16
votes
1answer
7k views

Who discovered this number-guessing paradox?

In this math.se post I described in some detail a certain paradox, which I will summarize: $A$ writes two distinct numbers on slips of paper. $B$ selects one of the slips at random (equiprobably), ...
2
votes
1answer
571 views

Expected value of the distance between 2 uniformly distributed points on circle

I have the following problem (related to Bertrand): Given a circle of radius $a=1$. Choose 2 points randomly on the circle circumference. Then connect these points using a line with length $b$. ...
1
vote
1answer
91 views

Why $\bigcap \emptyset $ isn't defined? [duplicate]

Let us define: $\bigcap \emptyset = \{ x|\forall A(A \in \emptyset \Rightarrow x \in A)\} $ I understood that this cannot be defined. Somehow it enables Russell's paradox to exist. Why is that?
2
votes
1answer
104 views

Why is this inclusion of dual of Banach spaces wrong?

Ive been struggling the last days on this paradox, please I need help! Let $$E\subset F$$ be two Banach spaces equipped with the same norm. Some people told me that $$F^* \subset E^*$$ with $E^*$ ...
3
votes
2answers
229 views

How to ensure that you haven't run into a paradox proving a theorem e.g. by proof by contradiction?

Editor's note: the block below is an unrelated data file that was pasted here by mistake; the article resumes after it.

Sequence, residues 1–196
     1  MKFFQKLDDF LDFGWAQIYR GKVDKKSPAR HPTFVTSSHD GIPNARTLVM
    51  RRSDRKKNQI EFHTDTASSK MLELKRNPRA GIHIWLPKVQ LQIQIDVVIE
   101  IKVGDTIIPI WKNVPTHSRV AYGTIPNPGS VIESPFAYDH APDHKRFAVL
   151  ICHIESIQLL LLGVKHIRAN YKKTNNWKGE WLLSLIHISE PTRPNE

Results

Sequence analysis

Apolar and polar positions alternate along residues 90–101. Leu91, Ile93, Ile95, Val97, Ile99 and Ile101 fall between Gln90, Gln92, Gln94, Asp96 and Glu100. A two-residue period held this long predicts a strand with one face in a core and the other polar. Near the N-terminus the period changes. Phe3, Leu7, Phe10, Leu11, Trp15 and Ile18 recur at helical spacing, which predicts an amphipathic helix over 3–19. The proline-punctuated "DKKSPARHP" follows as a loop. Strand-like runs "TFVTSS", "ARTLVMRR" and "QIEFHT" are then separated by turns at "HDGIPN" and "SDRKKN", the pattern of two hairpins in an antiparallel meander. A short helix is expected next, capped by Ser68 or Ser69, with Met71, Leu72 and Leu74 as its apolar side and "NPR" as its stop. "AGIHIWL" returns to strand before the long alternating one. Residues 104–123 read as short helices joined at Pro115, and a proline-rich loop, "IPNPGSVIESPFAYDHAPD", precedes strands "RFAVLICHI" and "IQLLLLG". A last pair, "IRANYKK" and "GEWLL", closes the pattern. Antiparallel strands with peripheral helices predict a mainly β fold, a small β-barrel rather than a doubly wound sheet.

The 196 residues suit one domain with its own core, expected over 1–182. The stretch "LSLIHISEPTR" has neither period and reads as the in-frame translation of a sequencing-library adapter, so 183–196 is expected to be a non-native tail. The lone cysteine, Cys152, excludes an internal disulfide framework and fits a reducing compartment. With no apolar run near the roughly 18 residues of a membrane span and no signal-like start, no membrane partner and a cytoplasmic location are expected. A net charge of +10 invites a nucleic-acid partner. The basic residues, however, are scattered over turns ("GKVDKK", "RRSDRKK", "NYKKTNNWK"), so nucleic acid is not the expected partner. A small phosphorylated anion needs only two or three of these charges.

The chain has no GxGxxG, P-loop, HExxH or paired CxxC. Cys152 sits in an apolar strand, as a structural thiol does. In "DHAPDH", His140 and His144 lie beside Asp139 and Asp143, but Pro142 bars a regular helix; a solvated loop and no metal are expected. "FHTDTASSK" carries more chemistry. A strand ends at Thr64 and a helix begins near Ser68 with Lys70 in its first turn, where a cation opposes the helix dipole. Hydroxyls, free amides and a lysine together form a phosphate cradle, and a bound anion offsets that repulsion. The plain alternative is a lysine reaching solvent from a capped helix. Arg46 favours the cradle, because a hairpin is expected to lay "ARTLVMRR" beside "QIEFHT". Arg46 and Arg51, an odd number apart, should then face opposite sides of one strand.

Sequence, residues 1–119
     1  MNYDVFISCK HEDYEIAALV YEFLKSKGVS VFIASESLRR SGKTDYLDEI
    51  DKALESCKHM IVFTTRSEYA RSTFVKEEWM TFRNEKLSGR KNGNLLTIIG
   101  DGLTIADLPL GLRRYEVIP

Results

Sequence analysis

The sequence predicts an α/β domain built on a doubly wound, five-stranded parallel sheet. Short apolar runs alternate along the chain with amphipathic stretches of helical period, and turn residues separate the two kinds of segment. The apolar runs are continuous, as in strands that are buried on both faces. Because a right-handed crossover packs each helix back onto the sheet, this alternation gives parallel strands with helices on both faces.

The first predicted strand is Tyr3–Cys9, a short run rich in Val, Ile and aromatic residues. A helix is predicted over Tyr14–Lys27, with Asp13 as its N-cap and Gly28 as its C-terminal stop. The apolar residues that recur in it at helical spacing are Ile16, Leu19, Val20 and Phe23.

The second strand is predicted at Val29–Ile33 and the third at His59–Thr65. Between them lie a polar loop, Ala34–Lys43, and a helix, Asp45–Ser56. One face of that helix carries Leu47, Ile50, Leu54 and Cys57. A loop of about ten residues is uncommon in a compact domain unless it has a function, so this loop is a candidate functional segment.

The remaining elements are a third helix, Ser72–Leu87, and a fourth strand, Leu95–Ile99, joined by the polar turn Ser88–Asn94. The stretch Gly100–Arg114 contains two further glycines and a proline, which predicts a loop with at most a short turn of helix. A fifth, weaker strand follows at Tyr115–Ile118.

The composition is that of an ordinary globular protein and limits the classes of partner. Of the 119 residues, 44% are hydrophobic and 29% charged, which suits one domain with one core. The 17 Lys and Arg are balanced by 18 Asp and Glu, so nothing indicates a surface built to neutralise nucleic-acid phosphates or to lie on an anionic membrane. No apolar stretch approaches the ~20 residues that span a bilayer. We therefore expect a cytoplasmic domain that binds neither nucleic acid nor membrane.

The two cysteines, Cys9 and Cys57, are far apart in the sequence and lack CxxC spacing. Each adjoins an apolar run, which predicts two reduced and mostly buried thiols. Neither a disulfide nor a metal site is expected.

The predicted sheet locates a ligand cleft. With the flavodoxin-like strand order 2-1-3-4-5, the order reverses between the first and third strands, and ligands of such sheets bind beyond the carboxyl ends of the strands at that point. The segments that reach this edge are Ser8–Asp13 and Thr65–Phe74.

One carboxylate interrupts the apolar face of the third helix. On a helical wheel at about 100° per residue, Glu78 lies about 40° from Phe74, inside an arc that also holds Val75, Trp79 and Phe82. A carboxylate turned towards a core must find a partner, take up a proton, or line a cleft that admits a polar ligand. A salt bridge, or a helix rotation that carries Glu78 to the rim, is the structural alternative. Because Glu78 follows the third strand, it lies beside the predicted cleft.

While preparing some lecture notes for next semester and going back to basics (set theory and proof strategies) I came along the following simple question which is about proving theorems in general ...
0
votes
0answers
75 views

How to ensure that you haven't run into a paradox proving a theorem e.g. by proof by contradiction? [duplicate]

While preparing some lecture notes for next semester and going back to basics (set theory and proof strategies) I came along the following simple question which is about proving theorems in general ...
3
votes
3answers
179 views

Paradoxes in Logic

What is it that makes something a paradox? It seems to me that paradoxes are just, in many cases, misunderstandings about the properties some object can have and so misunderstandings about ...
3
votes
1answer
96 views

How can I understand is the picture $2D$ or $3D$

I can not understand is this picture 2D or 3D .what is the rule or condition to be a 2D or 3D picture.How can I understand that?please help me?
3
votes
1answer
294 views

On a scale of 1 to 10, how likely is it that this question is using binary? [closed]

I just read this interesting xkcd strip: At first I thought it was funny, but as I got to ruminate a little over it, I was surprised to be unable to find an answer. As Karolis Juodelė pointed out, ...
2
votes
1answer
187 views

Fingerprint match probability

I am trying to use the formula for the birthday paradox as a reference to figure out an equation that represents the probability of a fingerprint match. Here's the equation for probability of a ...
3
votes
2answers
241 views

Leibniz' Law and that good old riddle

There exists a Theory of Identity in mathematical logic. I've encountered it for the first time in Principia Mathematica by Alfred North Whitehead and Bertrand Russell (1910). Quote: "This definition ...
3
votes
2answers
152 views

Understanding: Axiom of Specification and Russell's Paradox: there is no universe?

Following Halmos's Naive Set Theory, Russell's Paradox emerges from using the axiom of specification (that for every set $A$ and property $\phi$ there exists a set $Y$ whose elements are those ...